For participants investing in both traditional and Roth balances, allocations of ongoing investments among the TSP’s funds apply to both. Similarly, interfund transfers of money already in the TSP apply to both. Loans are drawn from each type of balance on a prorated basis and are repaid to each based on that ratio. (Note: If a taxable distribution is declared—for example, if you fail to repay your loan in accordance with your loan agreement or do not repay your loan when you separate from service—you will owe taxes on the portion of the loan from the traditional balance, but not on the portion from Roth investments. Associated Roth earnings are tax-free if the distribution was declared due to separation from service and the earnings are “qualified” as described below. Also see Loans in Section 3 of this chapter.) In-service withdrawals also are paid out on a prorated basis, for investors with both traditional and Roth balances. You will owe federal income taxes on the portion of your withdrawal that comes out of your traditional balance, except that for an age-based in-service withdrawal, those taxes can be deferred by transferring the money into an IRA, as described in In-Service Withdrawals in Section 3 of this chapter. You will not pay federal income taxes on the portion of an in-service withdrawal that comes from your Roth investments; you will pay taxes on their associated earnings if they are not “qualified” as described below. For hardship-based withdrawals, the six-month waiting period before new investments can be made applies to both types of balance.
Post-separation withdrawals also are made on a prorated basis. A participant who has a Roth balance and a traditional balance who purchases an annuity must buy two separate contracts of the same type, one with the traditional balance and one with the Roth balance.
Roth investments are tax-free on withdrawal since they already have been taxed (note: Roth investments also can be made with tax-free combat zone pay into a uniformed services TSP account by an employee on active military duty).
Note: Under a policy change effective in September 2019, account holders will have the option, for all types of withdrawals, to agree to proration or to choose to take the entire amount from only one type of balance.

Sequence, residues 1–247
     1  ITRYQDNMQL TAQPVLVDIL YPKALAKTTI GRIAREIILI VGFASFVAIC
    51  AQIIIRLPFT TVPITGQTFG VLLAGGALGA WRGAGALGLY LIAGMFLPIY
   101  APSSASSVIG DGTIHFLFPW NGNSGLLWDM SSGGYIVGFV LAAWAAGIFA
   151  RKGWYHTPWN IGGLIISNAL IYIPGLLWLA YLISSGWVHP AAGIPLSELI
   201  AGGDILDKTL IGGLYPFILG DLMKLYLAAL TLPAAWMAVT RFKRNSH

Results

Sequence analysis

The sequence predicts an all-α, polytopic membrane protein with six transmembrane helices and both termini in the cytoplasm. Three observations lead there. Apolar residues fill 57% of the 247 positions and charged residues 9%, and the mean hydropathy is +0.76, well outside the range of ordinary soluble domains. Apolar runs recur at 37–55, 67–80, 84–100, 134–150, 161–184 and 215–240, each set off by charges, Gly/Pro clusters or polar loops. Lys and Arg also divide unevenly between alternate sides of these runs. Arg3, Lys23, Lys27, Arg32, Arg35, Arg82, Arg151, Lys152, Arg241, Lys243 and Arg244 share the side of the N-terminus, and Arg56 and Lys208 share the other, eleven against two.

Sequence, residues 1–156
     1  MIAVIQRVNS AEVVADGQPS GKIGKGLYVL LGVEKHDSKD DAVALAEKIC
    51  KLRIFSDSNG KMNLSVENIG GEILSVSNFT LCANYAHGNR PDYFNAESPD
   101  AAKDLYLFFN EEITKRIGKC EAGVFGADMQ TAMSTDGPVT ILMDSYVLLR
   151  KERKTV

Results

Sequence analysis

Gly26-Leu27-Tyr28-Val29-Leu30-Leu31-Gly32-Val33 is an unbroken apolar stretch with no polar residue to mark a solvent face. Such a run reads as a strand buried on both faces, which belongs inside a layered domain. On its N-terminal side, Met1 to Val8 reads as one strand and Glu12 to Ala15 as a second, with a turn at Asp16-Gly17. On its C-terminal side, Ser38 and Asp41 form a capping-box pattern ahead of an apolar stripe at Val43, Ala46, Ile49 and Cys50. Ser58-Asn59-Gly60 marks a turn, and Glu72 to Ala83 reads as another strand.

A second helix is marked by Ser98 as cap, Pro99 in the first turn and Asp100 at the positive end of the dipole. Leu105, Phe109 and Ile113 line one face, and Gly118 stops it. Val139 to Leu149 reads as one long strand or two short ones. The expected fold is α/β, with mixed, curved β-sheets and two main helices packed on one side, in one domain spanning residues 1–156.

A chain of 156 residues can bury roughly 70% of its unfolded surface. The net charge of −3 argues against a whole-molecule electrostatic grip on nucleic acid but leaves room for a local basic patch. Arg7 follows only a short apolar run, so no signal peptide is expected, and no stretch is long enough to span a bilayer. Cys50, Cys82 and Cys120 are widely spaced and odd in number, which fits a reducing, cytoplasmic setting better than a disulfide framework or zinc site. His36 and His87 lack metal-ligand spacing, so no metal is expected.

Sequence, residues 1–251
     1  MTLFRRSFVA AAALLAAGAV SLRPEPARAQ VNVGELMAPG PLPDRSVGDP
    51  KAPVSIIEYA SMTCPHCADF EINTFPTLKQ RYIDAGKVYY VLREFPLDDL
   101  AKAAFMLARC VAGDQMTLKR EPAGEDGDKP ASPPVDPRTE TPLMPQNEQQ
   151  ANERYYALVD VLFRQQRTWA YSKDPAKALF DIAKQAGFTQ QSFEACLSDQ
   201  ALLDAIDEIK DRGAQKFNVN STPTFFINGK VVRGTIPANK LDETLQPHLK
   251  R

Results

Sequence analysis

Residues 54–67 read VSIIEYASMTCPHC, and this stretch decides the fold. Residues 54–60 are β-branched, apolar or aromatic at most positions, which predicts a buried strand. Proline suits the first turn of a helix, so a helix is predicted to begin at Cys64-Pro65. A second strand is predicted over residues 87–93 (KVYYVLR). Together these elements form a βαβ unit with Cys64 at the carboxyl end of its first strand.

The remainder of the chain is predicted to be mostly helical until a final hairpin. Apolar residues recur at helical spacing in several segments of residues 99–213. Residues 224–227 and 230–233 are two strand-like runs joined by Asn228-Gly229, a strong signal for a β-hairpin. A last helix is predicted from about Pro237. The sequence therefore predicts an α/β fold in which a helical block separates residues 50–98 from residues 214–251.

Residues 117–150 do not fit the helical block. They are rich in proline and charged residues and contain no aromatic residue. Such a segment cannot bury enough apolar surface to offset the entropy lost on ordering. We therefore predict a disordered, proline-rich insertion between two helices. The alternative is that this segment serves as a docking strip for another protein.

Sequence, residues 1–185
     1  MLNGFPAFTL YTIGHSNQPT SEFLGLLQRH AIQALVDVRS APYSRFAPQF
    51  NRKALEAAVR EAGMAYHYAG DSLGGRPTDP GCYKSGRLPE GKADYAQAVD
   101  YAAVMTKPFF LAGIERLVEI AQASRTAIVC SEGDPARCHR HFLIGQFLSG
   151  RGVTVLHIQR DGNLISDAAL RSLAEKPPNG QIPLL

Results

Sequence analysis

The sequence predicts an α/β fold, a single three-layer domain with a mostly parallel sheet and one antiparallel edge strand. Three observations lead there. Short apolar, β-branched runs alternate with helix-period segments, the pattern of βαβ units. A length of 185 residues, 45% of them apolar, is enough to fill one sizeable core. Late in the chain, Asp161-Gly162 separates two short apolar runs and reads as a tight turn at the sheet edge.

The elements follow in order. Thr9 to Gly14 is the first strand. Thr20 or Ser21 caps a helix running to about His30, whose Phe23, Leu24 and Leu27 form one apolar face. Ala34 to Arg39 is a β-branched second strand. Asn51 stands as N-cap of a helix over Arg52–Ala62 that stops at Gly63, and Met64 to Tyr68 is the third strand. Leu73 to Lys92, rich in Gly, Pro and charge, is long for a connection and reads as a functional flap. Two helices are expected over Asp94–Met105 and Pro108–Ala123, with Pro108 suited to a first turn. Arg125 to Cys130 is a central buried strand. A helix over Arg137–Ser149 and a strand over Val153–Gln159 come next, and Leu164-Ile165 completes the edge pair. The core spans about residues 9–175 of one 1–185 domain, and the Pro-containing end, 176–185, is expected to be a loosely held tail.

Roth balance investment earnings are “qualified” and thus tax-free on withdrawal if: five years have passed since January 1 of the year in which the investor made the first Roth TSP investment; and the participant has reached age 59 ½, died, or become permanently disabled. For this purpose, the definition of permanent disability is that used in Section 72(m)(7) of the Internal Revenue Code: the individual must be “unable to engage in any substantial gainful activity by reason of any medically determinable physical or mental impairment which can be expected to result in death or to be of long-continued and indefinite duration.” The individual must provide proof of such disability to the IRS.
Separated participants are subject to required minimum withdrawals of both traditional and Roth balances as described in Section 5 of this chapter.
Making Roth TSP investments may affect your eligibility for a Roth IRA. That’s because Roth investments are not deducted from your adjusted gross income as are traditional pre-tax investments, potentially putting you above the taxable income limits for making Roth IRA investments. Making Roth TSP investments won’t lessen the amount that you can invest in in a Roth IRA, if eligible.
Calculators at www.tsp.gov address various aspects of traditional versus Roth investments and withdrawals.
TSP participants may make additional investments from their basic pay to their TSP accounts in each year in which they are age 50 or older and meet certain other standards. These investments, which the TSP calls catch-up contributions, are a supplement to regular employee investments and do not count against the Internal Revenue Code’s elective deferral limit. However, catch-ups have their own annual limits and eligibility criteria.
You are eligible to make catch-up contributions if you:
• are currently employed and receiving pay (not retired or otherwise separated from service or in non-pay status such as on leave without pay);
• are investing a biweekly amount which will result in your reaching the elective deferral limit by the end of the relevant year;
• are at least 50 years old by the end of that year; and
• are not in the six-month non-investment period following the receipt of a financial hardship in-service withdrawal.
The maximum amount is $6,000 in 2019. Agencies are responsible for ensuring that they do not submit catch-up contributions for their participants which exceed the yearly catch-up limit. The TSP will reject any amounts that exceed the yearly limit.
Like regular investments, catch-up contributions are made on a traditional pretax basis unless the participant chooses to make some or all of them on an after-tax Roth basis (see Roth Balances, above). The catch-up dollar limit applies to the combined amount of regular and Roth investments, for those making both types of investments. There are no agency contributions associated with catch-up contributions.